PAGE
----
An Interview with Jack Ponti: Rock And Roll’s “Behind-The-Scenes” Kingpin

Jack Ponti was already working on a national level while the rest of us were still trying to graduate high school. Although we later became friends, my first meeting with him was unique. Here I am, talking to this attractive girl in the neighborhood, and here comes this guy in a platinum Rod Stewart haircut, decked out in sunglasses and full leather outfit, twirling a switchblade and saying, “Hey! What the fuck are you doing talking to my sister?” I’m a kid sitting on my moped, I had no idea what to say as I hit the gas and putted out of there. But Jack Ponti has pretty much approached everything from that viewpoint since day one. Protective, private and steeped in infamous controversy, this is a guy that has laughed at more rock and roll history than most of us could only dream about being part of.

When you look at the huge names that ultimately crash and burn in music, Ponti’s career is a steady success story. From his historic time as songwriter/guitarist for The Rest—Jon Bon Jovi’s launching platform—to his time behind-the-scenes with everyone from Alice Cooper to Scarface, this Grammy-producing player shows creative and survivalist insight far ahead of the conventional curve.

Love him or hate him, Jack Ponti has left an indelible mark on some of music’s biggest names, and he has no problem telling you the inside story. I caught up with him recently for a few candid answers to questions about his strange rock and roll journey.

The Rest was a perfect example of a band on the cusp of greatness, a band that had everything in place. What happened?

It was too much time spent on the edge of making it that lead to the frustration and ultimate breakup. It was an important part in the development of my career and Jon’s [Bon Jovi] career.

Ahmet Ertegun was a music business icon. What was your relationship with him?

Ahmet gave me my first break as a producer. To sit at the feet of greatness was a remarkable privilege. One of my favorite Ahmet quotes was, “You can’t imply anything to morons.” You’d be hanging out with him and suddenly realize this man signed Zeppelin, the Stones, Aretha, Ray Charles. What the fuck am I doing here? He taught me many things about music, but to watch him do business, that was the magic.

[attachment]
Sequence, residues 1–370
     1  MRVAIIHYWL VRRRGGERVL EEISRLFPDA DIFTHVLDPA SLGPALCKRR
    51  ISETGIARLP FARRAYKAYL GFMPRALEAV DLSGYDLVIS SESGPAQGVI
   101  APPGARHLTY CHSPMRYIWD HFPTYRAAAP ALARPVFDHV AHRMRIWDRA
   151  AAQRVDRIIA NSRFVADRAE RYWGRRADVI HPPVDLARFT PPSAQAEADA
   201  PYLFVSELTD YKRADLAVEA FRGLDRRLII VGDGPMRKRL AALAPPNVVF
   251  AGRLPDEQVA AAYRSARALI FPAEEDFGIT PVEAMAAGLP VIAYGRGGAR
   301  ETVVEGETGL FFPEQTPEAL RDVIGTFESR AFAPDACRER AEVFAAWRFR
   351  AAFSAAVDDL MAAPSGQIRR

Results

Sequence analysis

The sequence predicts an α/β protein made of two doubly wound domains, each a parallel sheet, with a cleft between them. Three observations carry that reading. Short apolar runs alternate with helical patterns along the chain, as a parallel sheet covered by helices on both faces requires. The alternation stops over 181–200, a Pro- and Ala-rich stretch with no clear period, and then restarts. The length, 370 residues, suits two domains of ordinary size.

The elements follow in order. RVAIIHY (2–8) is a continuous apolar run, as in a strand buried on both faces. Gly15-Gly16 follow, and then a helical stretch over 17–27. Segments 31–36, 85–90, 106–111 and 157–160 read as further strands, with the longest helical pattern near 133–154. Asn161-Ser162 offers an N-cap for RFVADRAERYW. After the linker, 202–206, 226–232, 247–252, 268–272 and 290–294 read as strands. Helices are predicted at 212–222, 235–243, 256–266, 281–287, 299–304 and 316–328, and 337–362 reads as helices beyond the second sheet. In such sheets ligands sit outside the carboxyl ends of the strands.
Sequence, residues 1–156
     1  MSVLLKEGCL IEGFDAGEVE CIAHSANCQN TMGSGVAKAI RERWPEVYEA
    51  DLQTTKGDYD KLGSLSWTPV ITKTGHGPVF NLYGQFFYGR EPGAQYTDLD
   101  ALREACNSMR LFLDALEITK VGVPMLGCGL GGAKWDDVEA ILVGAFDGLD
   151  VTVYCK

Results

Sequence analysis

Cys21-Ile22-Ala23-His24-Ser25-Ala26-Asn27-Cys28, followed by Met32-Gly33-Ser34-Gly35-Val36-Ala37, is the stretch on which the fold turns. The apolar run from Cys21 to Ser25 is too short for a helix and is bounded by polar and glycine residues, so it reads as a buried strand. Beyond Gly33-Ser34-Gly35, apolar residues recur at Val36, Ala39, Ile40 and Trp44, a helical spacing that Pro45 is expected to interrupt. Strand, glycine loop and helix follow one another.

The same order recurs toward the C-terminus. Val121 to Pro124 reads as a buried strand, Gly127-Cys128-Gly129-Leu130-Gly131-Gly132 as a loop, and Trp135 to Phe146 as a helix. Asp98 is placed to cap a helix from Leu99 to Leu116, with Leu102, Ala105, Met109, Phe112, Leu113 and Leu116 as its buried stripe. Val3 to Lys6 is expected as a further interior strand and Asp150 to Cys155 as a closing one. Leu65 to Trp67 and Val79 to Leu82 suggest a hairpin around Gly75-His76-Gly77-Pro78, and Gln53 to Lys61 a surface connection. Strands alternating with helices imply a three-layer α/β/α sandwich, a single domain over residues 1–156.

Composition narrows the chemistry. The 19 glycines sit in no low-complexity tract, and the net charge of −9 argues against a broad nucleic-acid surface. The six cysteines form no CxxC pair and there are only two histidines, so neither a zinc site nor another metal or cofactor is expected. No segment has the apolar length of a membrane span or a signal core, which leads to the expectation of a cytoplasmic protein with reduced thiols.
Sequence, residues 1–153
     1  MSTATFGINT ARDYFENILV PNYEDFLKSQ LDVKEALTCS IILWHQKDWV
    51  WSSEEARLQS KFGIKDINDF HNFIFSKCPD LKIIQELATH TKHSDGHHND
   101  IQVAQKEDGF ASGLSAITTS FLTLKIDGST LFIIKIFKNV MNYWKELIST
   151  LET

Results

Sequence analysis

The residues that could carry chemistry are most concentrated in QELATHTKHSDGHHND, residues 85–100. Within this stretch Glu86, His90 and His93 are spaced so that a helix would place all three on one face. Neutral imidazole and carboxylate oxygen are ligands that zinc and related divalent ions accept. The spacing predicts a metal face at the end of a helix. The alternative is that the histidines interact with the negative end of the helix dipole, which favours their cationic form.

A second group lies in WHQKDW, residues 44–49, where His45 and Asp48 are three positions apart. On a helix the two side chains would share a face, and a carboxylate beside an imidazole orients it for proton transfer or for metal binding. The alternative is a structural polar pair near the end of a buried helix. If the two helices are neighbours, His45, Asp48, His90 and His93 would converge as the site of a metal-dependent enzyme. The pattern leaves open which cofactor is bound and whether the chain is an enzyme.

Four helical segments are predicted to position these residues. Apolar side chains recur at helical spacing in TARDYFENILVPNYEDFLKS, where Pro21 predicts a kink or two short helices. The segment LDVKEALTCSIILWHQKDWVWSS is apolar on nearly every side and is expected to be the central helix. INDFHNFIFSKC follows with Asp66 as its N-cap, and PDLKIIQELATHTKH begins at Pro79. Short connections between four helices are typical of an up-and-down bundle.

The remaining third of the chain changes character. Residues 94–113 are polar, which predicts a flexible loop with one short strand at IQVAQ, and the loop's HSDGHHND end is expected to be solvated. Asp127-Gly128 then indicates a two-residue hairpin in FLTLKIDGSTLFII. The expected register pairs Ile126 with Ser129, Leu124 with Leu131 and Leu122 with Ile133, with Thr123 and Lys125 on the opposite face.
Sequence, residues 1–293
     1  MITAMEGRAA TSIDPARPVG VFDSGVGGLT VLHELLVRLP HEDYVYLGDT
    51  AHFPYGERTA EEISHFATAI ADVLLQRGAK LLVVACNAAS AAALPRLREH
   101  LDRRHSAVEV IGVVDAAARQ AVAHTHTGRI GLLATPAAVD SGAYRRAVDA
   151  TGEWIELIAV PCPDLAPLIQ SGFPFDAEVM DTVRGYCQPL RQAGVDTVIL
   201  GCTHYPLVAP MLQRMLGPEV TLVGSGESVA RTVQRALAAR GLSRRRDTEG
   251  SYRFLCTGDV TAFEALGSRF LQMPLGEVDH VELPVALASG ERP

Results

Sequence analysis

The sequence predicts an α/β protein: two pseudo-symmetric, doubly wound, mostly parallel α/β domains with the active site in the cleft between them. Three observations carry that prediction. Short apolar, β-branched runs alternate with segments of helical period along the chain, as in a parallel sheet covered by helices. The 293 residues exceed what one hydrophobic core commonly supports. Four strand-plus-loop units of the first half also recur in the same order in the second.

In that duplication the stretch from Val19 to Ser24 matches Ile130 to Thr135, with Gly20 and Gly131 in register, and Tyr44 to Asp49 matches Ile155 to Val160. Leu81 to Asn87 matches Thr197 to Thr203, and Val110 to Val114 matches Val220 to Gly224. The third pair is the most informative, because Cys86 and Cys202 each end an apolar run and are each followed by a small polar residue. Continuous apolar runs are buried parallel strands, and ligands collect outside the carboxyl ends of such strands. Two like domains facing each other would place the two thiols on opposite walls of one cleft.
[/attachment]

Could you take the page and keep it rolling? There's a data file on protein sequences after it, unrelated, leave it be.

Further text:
Is it surreal going from watching the Late Show With David Letterman on tv as a kid to now working within his empire, Worldwide Pants?

My entire career has been one surreal blessing after another. It’s great having Worldwide Pants as our partners in the label, the management company and consulting company. I couldn’t have dreamed that one.

Ricky Nelson was an American legend; you took his sons under your wing and led them to gold record status. How did you get involved in that whole period and what stands out?

Multi-platinum record status with number one single and album. I am fiercely proud of Matt and Gunnar and love them like brothers. I actually first met them at the old Kramer Guitars in Neptune. I’ll tell you one thing, out of all the bands I have ever worked with, no one got the level of women those two guys did, ever. Lots of riots in the Ocean County Mall stand out when we’d go shopping at the height of their fame. Good times. They are massive talents. People don’t realize they are the only family that had three generations of number one records: Ozzie, Ricky and Matt and Gunnar.

I don’t even know where to start when discussing the vast number of people you’ve worked with; one thing I’ve found is that your artist pool is very diverse. Tell me about your journey into hip-hop and R&B with artists such as Boys II Men and Scarface?

I retired from writing around 1991. My sister and daughter were at a basketball game and a band sang the anthem. She had small talk with their manager who was looking for advice, she mentioned me and then she hammered me to talk to him. Fortunately, I listened to her. Next thing you know I am his partner and that band signed to R. Kelly’s new label.

I saw a massive gap in the urban world for management and one thing led to another and I began managing writers and producers. People like N.O. Joe and Six July, huge names in hip-hop. Then that led to working with Teddy Riley and his entire stable. It grew and grew and we had 47 clients. It was a natural segue into artist management with Az Yet, Pru, Mike E., Scarface, etc., and the last artist I managed was India.Arie during her meteoric rise. I spent time as Boyz II Men’s management consultant as well. This was a time where million-dollar deals were the norm. I worked literally an 18-hour day. It was pretty taxing. The stories I could tell would fill a book.